Roughly 70% of disability claims related to burn pit exposure are denied by the VA due to lack of evidence, scientific data, and information from the Defense Department.

The military used burn pits to dispose of such things as chemicals, cans, tires, plastics, and medical and human waste.

Hundreds of thousands of Vietnam War-era veterans and survivors also stand to benefit from the legislation. The bill adds hypertension, or high blood pressure, as a presumptive disease associated with Agent Orange exposure. The Congressional Budget Office projected that about 600,000 of 1.6 million living Vietnam vets would be eligible for increased compensation, though only about half would have a severe enough diagnosis to warrant more compensation.

Also, veterans who served in Thailand, Cambodia, Laos, Guam, American Samoa, and Johnston Atoll will be presumed to have been exposed to Agent Orange. That’s another 50,000 veterans and survivors of deceased veterans who would get compensation for illnesses presumed to have been caused by their exposure to the herbicide, the CBO projected.

The bill is projected to increase federal deficits by about $277 billion over ten years and does not include offsetting spending cuts or tax increases to help pay for it.

When the CBO scored the bill, it projected that nearly $400 billion spent on VA services would take place as mandatory spending rather than discretionary spending. The Committee for a Responsible Federal Budget, a nonpartisan fiscal watchdog, said a reclassification to mandatory would “both reduce the pressure to keep those costs under control and make it easier for appropriators to spend more elsewhere in the budget without offsets.”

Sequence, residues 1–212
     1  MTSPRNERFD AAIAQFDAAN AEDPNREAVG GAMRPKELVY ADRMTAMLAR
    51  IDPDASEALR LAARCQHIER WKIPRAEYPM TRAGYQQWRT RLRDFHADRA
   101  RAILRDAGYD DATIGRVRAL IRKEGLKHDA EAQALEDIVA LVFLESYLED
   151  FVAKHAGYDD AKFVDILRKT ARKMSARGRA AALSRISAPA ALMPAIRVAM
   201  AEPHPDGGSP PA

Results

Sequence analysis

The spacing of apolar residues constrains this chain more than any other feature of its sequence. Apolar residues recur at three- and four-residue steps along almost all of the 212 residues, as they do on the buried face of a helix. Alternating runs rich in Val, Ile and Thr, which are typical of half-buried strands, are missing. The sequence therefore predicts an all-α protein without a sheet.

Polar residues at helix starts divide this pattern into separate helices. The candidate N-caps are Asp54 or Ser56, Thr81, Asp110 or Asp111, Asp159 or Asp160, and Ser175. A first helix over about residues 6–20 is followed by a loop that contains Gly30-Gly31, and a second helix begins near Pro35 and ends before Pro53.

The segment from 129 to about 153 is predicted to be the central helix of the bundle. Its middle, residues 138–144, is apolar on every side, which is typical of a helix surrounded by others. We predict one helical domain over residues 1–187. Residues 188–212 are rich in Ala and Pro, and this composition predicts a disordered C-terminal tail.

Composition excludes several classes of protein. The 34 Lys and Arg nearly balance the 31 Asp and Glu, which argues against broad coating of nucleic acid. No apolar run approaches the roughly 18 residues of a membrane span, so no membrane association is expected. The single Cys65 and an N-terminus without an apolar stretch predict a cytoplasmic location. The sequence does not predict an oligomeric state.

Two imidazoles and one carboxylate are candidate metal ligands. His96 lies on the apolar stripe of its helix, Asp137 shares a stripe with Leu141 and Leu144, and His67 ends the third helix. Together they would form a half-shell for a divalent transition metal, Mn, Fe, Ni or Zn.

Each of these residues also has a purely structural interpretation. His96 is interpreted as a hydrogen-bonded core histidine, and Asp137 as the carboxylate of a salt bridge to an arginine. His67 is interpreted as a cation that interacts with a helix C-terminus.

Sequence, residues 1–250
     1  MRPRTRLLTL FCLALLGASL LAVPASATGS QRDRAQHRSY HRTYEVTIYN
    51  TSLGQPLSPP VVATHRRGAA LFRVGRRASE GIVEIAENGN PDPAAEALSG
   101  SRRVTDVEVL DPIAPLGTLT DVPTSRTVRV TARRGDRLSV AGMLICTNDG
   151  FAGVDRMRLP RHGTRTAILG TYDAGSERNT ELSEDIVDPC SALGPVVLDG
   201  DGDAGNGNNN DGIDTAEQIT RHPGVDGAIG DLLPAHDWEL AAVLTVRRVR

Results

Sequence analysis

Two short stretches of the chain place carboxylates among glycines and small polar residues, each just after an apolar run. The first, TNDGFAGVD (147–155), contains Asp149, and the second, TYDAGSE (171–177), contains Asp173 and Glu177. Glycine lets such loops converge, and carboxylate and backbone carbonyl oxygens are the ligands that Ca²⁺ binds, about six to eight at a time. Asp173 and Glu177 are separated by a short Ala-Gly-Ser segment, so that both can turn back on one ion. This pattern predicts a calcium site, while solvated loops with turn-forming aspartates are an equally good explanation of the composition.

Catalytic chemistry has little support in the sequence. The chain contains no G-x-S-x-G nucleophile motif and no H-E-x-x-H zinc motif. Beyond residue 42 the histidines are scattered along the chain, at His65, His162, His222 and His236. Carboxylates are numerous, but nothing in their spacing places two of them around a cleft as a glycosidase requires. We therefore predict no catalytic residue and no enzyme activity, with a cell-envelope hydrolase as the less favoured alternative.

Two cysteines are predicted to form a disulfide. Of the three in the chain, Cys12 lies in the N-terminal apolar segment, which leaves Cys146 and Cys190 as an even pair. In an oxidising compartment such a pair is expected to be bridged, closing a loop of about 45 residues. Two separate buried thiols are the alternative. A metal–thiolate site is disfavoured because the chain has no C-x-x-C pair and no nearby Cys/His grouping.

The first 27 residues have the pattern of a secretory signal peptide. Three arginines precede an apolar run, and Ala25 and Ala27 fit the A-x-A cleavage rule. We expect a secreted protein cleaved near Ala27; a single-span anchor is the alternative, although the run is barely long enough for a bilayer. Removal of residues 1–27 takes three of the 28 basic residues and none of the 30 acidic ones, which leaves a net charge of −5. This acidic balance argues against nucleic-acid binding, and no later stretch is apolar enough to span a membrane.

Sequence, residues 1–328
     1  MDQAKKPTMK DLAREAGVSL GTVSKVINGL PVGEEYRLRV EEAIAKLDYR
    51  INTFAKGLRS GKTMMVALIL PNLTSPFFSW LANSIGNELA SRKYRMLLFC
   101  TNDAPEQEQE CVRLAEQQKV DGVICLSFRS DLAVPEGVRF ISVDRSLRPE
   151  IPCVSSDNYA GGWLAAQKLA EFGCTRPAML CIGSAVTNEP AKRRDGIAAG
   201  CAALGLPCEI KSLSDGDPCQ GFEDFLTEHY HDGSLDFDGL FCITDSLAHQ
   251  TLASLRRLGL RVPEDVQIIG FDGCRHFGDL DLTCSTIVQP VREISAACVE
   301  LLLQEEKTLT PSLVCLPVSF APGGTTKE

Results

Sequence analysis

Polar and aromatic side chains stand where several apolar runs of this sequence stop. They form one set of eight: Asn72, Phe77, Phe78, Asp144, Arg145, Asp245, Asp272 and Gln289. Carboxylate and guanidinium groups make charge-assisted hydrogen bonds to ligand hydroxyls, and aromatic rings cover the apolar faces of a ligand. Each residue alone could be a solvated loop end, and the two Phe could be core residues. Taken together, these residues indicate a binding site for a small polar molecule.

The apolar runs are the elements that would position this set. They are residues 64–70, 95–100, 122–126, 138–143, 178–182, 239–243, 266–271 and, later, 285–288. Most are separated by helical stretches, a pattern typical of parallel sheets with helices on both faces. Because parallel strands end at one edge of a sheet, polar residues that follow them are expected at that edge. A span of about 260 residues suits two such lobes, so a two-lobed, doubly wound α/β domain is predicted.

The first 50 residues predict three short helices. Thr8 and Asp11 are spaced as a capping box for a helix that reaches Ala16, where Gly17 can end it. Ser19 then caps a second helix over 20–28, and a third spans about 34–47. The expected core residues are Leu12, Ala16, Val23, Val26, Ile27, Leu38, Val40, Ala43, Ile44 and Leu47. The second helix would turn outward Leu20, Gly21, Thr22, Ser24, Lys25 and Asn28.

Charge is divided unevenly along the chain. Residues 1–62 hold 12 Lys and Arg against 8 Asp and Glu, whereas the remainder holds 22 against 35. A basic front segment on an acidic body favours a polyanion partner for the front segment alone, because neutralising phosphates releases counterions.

Sen. Pat Toomey, R-Pa., is seeking a vote for an amendment that he said would not change the spending slated for veterans programs but how the government accounts for that spending.

However, the dynamics Toomey has spoken about also applied to the bill when the Senate voted on it in June. Senators then voted for the measure by a resounding vote of 84-14, raising questions about why Republicans voted against advancing the do-over effort last week.

Advocacy groups for veterans, a key voting bloc in the upcoming midterm elections, were furious and ramped up the political pressure on lawmakers to act.

At a Capitol Hill news conference the day after last week’s procedural vote, speakers used terms such as “villains” and “reprehensible” to describe the Republican senators who voted against advancing the measure last week but voted for almost the exact same bill in June.

“Veterans are angry and confused at the sudden change from those they thought had their backs,” said Cory Titus of the group Military Officers Association of America.

Sen. Kirsten Gillibrand, D-N.Y., said the veterans camped out at the Capitol are exhausted and want to go home.

“But they will not. They will not go home until the job is done,” Gillibrand said.

Republished with the permission of The Associated Press.